One of my favorite exercises that I’ve performed every year since he first introduced it is Chris Brogan’s Three Words. Rather than create resolutions which are difficult to keep, the three words exercise puts together three words that form your mantra for the coming year. My twist on it is to restrict it to just verbs, because verbs are actions to take. I like the three words as an easy way to remind myself of what I’m supposed to be doing, if I find that my mind and focus have wandered.
This time last year, I chose as my three words evolve, restore, and prevail. How did I do?
I set out to evolve my skills, to grow my expertise in machine learning and I definitely accomplished that. My new fitness practice was sidelined during the year by injury, but that’s something that I can work back in – and in terms of overall fitness, I’m ending the year better than I began it. So, check mark for evolve.
Restore was all about fixing much of the damage I had done to my finances and mental health the previous year, between launching a company, losing some friends, and family health issues. Trust Insights is closing the year well ahead of our goal (thank you!), those toxic former friends remain gone, and all is well in family life. So, check mark for restore.
Prevail was an interesting one, and one that wasn’t tied to a specific goal, just that I wanted to aggressively tackle more challenges. If there’s an area I fell short in during 2019, it was here – lots of good ideas, and certainly lots of things to fight for or against, and I feel like I didn’t step up enough. I did more than I expected to, from creating custom code to help my chosen political candidates, to creating and sharing more data than ever, but at the end of the day, given the mammoth challenges we all face, I felt like I could have done more. So, cross off prevail as a failure for 2019.
So, what does the next year hold? What will I accomplish? These are my three words. Improve. Prepare. Confront.
Improve is the opposite of evolve, and is something that I’m working on personally as well as professionally. I create a lot of new things. I create tons of new code every year, for example. But relatively little of it ever sees the light of day in production. Something my partner and cofounder Katie Robbert and I have discussed often over the years we’ve worked together is taking ideas across the finish line. That’s what improve is – taking something that’s 60% or 80% complete and bringing it to 100%. This will be my largest struggle because I get bored of things very easily, so my challenge here will be to stay engaged with an idea to its completion.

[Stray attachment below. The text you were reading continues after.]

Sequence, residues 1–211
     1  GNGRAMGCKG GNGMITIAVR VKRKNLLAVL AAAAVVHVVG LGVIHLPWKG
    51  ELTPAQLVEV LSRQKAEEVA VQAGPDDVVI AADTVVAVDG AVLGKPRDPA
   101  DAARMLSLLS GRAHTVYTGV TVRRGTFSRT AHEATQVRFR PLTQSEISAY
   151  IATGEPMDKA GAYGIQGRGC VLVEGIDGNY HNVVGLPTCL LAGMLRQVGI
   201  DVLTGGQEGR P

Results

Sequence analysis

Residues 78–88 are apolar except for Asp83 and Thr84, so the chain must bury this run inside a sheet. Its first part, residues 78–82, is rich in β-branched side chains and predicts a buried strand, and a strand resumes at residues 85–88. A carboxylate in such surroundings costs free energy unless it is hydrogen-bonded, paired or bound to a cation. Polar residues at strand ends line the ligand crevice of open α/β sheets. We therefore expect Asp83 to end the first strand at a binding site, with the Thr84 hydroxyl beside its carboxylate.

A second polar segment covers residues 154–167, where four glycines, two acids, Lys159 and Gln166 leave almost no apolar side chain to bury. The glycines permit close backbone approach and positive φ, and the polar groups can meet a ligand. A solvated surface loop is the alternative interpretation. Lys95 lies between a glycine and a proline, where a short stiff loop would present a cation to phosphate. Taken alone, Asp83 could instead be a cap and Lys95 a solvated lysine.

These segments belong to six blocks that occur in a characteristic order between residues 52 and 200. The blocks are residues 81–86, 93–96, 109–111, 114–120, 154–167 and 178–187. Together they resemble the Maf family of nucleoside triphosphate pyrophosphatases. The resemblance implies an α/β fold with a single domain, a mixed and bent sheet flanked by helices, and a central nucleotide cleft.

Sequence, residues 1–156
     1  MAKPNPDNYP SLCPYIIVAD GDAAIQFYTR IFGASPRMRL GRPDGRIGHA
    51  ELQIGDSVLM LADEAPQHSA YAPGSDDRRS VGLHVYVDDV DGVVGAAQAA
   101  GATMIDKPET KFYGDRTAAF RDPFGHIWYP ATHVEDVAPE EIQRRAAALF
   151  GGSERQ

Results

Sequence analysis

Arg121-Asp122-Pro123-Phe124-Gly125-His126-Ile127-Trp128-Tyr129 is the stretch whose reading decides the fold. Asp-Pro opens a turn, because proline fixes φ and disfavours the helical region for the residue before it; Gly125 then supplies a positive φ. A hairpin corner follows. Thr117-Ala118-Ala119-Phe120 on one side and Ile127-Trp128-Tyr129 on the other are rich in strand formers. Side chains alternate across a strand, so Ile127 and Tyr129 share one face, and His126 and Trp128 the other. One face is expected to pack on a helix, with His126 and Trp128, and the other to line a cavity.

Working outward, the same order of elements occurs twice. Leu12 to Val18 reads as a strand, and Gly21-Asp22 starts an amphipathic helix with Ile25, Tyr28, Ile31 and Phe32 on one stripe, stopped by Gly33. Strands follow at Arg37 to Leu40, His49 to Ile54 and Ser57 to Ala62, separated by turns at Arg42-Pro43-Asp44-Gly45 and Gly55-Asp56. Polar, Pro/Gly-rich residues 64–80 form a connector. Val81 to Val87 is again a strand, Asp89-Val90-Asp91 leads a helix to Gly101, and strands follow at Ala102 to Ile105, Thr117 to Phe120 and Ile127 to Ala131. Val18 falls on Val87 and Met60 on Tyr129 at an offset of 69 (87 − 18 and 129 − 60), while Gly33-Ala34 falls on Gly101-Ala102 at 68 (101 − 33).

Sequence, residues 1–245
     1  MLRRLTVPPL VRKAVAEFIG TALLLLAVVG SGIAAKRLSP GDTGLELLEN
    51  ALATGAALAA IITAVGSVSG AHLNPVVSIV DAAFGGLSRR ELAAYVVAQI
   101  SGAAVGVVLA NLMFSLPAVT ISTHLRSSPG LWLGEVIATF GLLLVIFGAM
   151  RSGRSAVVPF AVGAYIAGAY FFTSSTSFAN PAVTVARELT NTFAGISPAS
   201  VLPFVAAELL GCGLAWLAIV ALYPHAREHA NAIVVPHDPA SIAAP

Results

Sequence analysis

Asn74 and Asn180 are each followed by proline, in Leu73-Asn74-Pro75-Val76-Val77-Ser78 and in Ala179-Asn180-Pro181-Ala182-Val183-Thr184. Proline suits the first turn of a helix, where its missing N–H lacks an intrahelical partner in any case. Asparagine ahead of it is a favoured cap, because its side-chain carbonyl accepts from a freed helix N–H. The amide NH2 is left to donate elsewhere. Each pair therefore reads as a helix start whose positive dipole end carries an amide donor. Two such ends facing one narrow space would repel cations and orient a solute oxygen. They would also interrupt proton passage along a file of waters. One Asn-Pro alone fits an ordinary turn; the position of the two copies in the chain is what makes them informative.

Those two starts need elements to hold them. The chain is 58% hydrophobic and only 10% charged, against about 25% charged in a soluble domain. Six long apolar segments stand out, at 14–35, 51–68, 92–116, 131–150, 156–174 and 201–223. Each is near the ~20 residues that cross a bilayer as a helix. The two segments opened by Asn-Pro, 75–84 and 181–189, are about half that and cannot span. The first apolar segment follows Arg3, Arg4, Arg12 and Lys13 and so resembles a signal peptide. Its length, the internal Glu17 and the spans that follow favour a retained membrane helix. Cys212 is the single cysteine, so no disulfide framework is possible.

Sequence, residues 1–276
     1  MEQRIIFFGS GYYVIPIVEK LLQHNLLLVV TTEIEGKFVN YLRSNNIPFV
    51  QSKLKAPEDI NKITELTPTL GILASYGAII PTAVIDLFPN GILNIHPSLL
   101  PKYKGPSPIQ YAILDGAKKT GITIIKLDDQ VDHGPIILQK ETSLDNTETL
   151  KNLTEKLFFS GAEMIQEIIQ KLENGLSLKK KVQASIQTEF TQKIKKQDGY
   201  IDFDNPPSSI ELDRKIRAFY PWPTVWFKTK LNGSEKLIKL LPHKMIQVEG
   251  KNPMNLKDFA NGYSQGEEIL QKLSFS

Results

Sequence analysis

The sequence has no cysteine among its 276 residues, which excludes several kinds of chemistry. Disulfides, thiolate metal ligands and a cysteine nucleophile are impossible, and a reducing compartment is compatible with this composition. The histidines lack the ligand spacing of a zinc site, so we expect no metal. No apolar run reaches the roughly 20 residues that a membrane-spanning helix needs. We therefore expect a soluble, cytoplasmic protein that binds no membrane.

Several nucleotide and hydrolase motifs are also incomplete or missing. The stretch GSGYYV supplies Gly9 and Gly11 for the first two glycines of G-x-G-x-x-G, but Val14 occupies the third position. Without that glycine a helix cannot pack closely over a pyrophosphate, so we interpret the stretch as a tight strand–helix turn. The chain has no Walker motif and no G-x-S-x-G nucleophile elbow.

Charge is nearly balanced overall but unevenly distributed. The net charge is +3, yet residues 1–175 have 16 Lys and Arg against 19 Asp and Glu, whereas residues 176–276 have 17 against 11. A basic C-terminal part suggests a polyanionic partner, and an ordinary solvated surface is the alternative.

Prepare is an interesting one. Now that I’m back on my feet financially and making progress towards goals again, it’s time to start re-investing and preparing. We know, beyond a shadow of reasonable doubt, that rough times are ahead as a civilization. You need only look to the headlines about the economy, the climate, the world to see the challenges before us. Prepare is about preparing for those challenges. From a business perspective, it’s preparing for a downturn and making sensible changes proactively. From a personal perspective, it’s about honing and growing skills you might not think you’ll need, modern survival skills.
Confront is the antidote to failing at prevailing. One of the reasons I didn’t succeed at stepping up enough were my own fears and doubts. At this point in my life, my single greatest enemy is me, myself, my own fears and worries. Confront is about tackling those first, clearing them out of the way, so that I can do what needs to be done. You can’t make good decisions when your judgement is clouded by your own worst impulses, habits, and fears.
One of the challenges I posed myself last year was how my three words would affect others positively. How will these manifest in ways that benefit you?
Improve is self-evident. If we have the fortune to work together on a project, my focus on improvement benefits everyone and everything I work on.
Prepare is challenging; in terms of how it helps you, I’ll be sharing as much of my knowledge, efforts, and ideas as I can with you this year, here and at Trust Insights, in the hopes that it helps you prepare as well.
Confront is an internal fight with myself, but as I make progress against my own worst habits, I’ll serve you better. And if you’re fighting the same fight, I’m happy to listen as I can and offer what advice I can in my own battles.
So, that’s what I have to look forward to for 2020. What will you be doing to make yourself, your business, and your community better than ever? What will you change? What will you keep?
May your new year be all that you hope it to be, and thank you for being here with me.
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